Jack Kent, director of IHS Technology, offers his analysis of Google’s launch of Android Pay UK.
Based on our data on Android OS version and NFC support (which we understand is a requirement) we estimate that there should be around 25-million to 30-million Android Pay compatible smartphones active in the UK as of Q1 2016.
By supporting passcode and pattern support rather than just fingerprints as a means of verifying payments, Google has ensured that Android Pay will be able to work on the majority of UK Android smartphones, rather than the limited number of recent flagships that have fingerprint sensors. Google is also looking to actively promote in-app retail which will also be a key driver of Android Pay adoption.
In order to maximise its adoption by UK users, it is integral that Android Pay has a solid foundation of supporters upon launch of the service. These supporters include financial institutions, retailers, and payment platforms.
Regarding the retailers, Android Pay will be available everywhere that contactless payments are accepted, such as Costa, Starbucks, Waitrose, and Boots. Significantly, Android Pay will be compatible with Transport for London, allowing people to pay throughout London on the Tube, buses, and trains.
Public transport integration has historically been a major driver for adoption of mobile payment services.
In addition, Android Pay for in-app commerce payments will drive its adoption even higher with support already declared from JD sports, Zara, and Deliveroo apps.
This enables users to complete payments across a range of apps without having to register new cards and billing information.
The UK Android audience provides a strong opportunity for growth.
Given that Apple Pay is only available to iPhone users, the digital wallet market for Android is relatively clear for Android Pay’s entry. Samsung Pay, the main competitor but only for Samsung devices has not yet launched in the UK. Ensuring a widespread roll out of Android Pay helps Google maintain feature parity with iOS and therefore will give Android users less reason to switch platforms.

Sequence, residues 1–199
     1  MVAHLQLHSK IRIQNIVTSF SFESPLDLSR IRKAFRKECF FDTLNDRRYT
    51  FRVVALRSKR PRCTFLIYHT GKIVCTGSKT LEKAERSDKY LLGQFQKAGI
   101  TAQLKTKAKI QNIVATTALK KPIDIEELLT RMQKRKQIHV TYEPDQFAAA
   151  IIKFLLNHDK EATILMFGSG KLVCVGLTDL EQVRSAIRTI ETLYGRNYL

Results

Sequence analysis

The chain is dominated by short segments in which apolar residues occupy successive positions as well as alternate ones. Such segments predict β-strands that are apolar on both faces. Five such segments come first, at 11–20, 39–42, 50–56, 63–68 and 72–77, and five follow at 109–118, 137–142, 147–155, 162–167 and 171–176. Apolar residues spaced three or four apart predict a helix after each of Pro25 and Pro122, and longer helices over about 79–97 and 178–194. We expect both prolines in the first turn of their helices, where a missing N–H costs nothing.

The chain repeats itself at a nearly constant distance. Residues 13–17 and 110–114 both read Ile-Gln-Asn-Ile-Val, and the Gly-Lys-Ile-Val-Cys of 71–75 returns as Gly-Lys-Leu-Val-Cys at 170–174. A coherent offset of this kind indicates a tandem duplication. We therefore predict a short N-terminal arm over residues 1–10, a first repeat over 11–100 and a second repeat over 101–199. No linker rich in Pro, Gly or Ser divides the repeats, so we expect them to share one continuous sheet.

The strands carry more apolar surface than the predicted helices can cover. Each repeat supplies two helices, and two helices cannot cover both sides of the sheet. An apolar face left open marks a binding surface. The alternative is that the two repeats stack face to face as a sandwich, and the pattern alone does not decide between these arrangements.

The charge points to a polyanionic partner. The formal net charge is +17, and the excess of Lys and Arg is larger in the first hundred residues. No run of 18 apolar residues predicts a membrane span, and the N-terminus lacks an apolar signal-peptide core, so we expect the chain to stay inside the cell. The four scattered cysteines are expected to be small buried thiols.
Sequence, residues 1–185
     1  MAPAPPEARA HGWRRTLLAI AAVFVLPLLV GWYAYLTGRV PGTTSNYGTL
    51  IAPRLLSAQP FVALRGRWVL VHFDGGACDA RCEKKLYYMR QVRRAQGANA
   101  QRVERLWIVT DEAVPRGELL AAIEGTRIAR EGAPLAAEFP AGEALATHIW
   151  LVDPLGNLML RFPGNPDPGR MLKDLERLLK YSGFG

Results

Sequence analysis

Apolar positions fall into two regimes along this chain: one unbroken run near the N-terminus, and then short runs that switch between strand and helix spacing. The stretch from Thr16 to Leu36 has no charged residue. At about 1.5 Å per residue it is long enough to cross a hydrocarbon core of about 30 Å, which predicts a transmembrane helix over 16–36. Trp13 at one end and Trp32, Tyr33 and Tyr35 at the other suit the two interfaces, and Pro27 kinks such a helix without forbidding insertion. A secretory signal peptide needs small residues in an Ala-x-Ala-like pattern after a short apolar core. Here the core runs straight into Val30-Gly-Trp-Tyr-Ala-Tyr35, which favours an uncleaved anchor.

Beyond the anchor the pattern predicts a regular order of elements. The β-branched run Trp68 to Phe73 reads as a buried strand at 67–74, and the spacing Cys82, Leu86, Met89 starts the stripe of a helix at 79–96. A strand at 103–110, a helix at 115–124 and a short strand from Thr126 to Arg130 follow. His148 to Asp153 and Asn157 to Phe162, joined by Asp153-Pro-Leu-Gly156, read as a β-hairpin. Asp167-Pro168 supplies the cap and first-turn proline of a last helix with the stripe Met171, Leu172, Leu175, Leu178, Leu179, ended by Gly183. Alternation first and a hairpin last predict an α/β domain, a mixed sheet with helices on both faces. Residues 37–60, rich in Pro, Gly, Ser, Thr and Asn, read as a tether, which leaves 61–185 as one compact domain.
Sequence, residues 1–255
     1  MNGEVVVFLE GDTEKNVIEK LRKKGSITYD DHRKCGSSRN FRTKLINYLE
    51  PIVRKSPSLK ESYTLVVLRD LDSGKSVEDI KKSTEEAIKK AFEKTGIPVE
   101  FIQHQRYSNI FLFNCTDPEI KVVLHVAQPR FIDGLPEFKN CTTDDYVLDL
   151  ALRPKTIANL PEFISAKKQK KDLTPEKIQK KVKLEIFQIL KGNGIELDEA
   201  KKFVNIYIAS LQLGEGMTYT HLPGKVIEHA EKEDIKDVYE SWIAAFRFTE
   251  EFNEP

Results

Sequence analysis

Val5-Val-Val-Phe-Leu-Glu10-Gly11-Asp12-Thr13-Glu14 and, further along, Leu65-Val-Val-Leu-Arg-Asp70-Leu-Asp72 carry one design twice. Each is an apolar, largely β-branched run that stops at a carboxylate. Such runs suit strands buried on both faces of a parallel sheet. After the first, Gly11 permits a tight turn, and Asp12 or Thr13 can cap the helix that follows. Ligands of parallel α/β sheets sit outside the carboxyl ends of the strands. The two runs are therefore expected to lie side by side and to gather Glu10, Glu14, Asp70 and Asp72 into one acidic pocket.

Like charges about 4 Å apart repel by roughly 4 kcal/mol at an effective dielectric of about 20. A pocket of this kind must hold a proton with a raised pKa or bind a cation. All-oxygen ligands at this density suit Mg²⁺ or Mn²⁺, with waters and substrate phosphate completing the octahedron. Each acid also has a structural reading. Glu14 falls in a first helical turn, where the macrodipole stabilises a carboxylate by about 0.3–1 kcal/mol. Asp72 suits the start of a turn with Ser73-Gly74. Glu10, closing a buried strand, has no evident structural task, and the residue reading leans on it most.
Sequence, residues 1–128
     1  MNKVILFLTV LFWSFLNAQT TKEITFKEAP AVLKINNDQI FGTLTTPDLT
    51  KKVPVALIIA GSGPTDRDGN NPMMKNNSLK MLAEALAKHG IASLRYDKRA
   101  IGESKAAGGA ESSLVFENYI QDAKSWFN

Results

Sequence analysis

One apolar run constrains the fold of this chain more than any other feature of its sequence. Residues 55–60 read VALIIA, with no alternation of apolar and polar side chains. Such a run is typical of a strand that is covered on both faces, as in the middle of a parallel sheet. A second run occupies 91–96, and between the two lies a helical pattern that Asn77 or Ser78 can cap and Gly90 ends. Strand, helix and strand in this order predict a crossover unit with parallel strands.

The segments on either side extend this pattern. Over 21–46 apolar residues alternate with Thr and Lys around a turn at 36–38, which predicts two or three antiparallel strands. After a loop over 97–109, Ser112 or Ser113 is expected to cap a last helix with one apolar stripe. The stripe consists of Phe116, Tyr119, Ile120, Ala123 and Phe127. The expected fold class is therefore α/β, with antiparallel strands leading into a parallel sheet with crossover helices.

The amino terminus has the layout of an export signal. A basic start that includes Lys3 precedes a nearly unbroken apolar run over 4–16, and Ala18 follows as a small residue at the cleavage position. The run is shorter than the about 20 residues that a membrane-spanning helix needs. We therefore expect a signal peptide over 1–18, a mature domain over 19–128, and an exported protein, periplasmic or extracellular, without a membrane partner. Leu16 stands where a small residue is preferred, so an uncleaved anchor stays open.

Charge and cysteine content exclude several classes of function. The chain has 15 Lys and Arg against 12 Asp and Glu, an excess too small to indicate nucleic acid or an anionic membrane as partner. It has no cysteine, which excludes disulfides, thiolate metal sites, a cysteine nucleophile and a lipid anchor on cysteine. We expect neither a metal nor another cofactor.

The UK is an advanced market when it comes to adoption for cards and contactless payments so there is a strong addressable market and infrastructure in place to support the Android Pay roll-out. Android smartphones currently make up 57% of the UK installed base.
Google aims to launch ahead of competition – but country specific deals mean a slow international roll out for mobile payments.
Although Android Pay doesn’t compete directly with Apple Pay, the market isn’t completely free of competition. In the Asian market, the leading rival on the Android operating system is Samsung Pay, thanks to its comparatively early launch in South Korea in 2015 and also in the US.
In China, Huawei is planning to cooperate with state-run bank-card processor China UnionPay in launching Huawei Pay. The lack of an official Google presence in China means, as with mobile content, this is a market in which it cannot compete. Apple is finding success there; it reported 3-million Apple Pay users in China in March 2016, in two weeks after the launch.
The expected UK launch of Android Pay, and the roll out of services in other countries, highlights one of the challenges in launching in-store and in-app mobile payment services; deals have to be struck locally with relevant financial and retail partners. As such, there is a risk that advanced payment features are only made available to users in the most mature or largest markets.